Most people assume that you actually have to be driving to be charged with driving under the influence. In Arizona, that’s not true. You can get a DUI if your not driving because the charge of driving under the influence in Arizona only requires that a person is either driving a vehicle or is in actual physical control of a vehicle.
DUI charges under the “actual physical control” theory are pretty common in Arizona. Usually, police find someone drunk inside of a vehicle — sometimes passed out or sleeping behind the wheel — and decide to charge them with DUI because they believe the person is in actual physical control of the vehicle.
Arizona Actual Physical Control Factors
Simply being drunk inside a vehicle while you’re sitting in the driver’s seat may be enough to prove a DUI charge. There are a number of factors that the law says should be considered in deciding whether someone is in actual physical control:
- Whether the vehicle was running or the ignition was on
- Where the keys are located
- Where and in what position the person was found in the vehicle
- Whether the person was awake or asleep
- Whether the vehicle’s lights were on
- Whether the vehicle was stopped or parked and where
- Whether the driver had voluntarily pulled off the road
- The time of day, the weather conditions
- Whether the heater or air conditioner was on
- Whether the windows were up or down
- Any explanation of the circumstances shown by the evidence.
This is not an all-inclusive list, so any other factors may also be considered.
It is usually the jury that decides whether you are in actual physical control and are guilty of DUI if your not driving. Ultimately, jurors should be instructed that someone is not in actual physical control unless they actually posed a threat to the public by the exercise of present or imminent control of the vehicle while impaired. It’s not your subjective intent that matters, only the objective facts. So if the vehicle is stuck or has a mechanical problem that makes it immobile, that is a pretty good defense to an actual physical control DUI. If the vehicle can’t be moved, then controlling it probably doesn’t pose a threat to the public.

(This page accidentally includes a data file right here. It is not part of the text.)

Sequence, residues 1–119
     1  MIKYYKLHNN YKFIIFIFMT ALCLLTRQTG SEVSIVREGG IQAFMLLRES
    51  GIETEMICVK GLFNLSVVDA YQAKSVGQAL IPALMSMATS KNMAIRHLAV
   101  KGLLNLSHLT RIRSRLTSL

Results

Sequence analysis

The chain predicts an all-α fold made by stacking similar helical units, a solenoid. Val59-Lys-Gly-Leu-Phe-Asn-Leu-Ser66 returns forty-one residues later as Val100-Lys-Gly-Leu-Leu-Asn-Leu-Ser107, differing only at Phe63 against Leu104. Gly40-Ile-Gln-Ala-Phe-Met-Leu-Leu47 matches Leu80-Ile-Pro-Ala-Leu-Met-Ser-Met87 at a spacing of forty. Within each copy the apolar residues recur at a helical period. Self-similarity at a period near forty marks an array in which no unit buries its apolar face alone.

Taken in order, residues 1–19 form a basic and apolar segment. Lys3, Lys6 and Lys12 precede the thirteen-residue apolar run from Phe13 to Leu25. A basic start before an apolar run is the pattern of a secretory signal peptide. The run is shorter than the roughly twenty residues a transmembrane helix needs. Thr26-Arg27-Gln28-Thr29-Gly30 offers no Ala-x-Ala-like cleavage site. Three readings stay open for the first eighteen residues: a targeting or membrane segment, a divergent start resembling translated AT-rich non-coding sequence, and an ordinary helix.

If you’ve been drinking, it’s better to sleep in your car than to drive it. However, if you want to make sure that you’re not charged with DUI, you probably shouldn’t sleep in your car either. If you need to sleep in your car, remember the actual physical control factors and think about how a judge or jury might look at the facts. Laying down in the back seat after turning the engine and lights off, for example, will make it much more difficult to prove actual physical control.
* This blog is published by Tucson DUI and criminal defense lawyer Nathan D. Leonardo. Nothing on this website is intended to create an attorney-client relationship. The information provided herein does not constitute legal advice, but is for general information purposes only. If you have a legal question, you can contact us online or call (520) 314-4125.